By this point we all know the story of the 2016 Rangers. They were basically the anti-Rays, winning all of their close games, and actually finishing with a worse third-order winning percentage than the 68-win Rays. Now Rangers fans will hoot and holler about what actually happened on the field being far more important than what happened in the fantasy world of advanced metrics, but, like death, third order winning percentage comes for us all.
What will it take for the Rays to top them? Regression to the mean.
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We take a break in your regularly scheduled article to let you know that this is where the Rays slot into these FanGraphs preseason projections, at 83-79.
On to the rest of the AL wild card contenders.
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The OG projections-hate-us team; the projections once again hate the Orioles.
FanGraphs projects an eight-win drop from last season, and of all the teams in baseball, the Orioles seem the hardest to predict. They have alternated playoffs/no playoffs each of the past three seasons, with two of those appearances coming via the wild card. They are clearly prime “wild card competition” fodder, and asking them to fall out of the picture seems like a fool’s errand.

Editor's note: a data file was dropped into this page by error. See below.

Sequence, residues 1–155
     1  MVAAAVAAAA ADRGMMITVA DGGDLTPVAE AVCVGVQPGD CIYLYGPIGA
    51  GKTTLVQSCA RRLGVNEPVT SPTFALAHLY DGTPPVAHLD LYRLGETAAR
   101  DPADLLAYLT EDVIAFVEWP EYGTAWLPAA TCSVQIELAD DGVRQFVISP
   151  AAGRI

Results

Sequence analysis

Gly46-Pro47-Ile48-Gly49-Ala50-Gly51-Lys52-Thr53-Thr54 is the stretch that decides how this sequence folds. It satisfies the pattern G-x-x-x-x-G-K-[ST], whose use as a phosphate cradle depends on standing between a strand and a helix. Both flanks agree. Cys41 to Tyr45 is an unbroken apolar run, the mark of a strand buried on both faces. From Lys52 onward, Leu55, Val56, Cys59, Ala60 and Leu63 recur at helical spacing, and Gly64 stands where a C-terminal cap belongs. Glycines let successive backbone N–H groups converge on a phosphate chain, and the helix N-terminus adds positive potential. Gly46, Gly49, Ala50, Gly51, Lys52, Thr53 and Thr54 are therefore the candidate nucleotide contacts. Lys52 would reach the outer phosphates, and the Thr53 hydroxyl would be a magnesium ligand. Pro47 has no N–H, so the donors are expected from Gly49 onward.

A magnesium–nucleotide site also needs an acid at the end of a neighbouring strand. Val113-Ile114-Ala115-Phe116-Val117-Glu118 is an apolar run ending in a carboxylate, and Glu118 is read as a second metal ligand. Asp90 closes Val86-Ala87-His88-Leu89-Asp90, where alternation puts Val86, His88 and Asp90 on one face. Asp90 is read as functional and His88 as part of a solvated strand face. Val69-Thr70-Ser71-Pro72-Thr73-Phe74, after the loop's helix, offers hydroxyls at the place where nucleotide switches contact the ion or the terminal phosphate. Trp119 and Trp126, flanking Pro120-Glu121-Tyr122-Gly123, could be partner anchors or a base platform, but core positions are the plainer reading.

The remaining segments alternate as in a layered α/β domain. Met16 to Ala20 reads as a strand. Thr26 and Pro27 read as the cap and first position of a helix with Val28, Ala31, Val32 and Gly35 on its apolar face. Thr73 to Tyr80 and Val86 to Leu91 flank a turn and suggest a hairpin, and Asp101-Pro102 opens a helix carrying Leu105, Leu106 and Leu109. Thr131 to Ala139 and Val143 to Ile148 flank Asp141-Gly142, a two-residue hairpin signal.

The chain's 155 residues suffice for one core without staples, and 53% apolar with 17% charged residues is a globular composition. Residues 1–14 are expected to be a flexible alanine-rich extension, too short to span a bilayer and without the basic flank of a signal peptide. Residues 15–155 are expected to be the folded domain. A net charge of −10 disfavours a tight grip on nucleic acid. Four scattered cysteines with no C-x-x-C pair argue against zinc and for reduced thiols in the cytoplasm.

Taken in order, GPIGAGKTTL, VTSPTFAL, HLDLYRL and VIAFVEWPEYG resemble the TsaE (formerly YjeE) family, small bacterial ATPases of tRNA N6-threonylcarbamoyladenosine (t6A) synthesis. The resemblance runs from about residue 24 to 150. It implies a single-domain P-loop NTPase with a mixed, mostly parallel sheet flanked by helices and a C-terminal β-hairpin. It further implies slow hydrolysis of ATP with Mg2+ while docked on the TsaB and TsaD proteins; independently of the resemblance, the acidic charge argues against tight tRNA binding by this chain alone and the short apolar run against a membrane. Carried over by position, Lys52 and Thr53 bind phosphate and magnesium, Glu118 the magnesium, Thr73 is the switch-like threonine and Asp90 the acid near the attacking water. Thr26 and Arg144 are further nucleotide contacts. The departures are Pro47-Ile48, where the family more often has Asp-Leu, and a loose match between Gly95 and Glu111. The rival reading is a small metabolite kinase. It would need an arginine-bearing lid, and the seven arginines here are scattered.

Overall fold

Although they have missed the playoffs twice in the past five years, the Orioles haven’t finished below .500 since 2011, and they have averaged nearly 90 wins over those past five seasons. They still have vaunted manager/possible real-life Dumbledore, Buck Showalter, in addition to a lineup that can outslug nearly anyone.
What will it take for the Rays to top them? The Orioles rotation needs to perform at a level that actually makes sense. The Orioles seem to be tempting fate year after year with some of the worst rotations in baseball, but it never truly burns them. Comparing the Rays’ rotation to that of the Orioles is a joke, and when you add in the fact that the Rays were quite good last year at the one thing the Orioles do well (BAL: 253 HR; TB: 215 HR), and it suddenly makes sense why the Rays are projected ahead of Baltimore.
The Tigers are an interesting team. After four straight division titles from 2011-2014, the team supposedly collapsed in 2015. It made perfect sense. Their owner had sold out the future for the present, and 2015 was the reckoning. They appeared to be in for a decade of sorrow.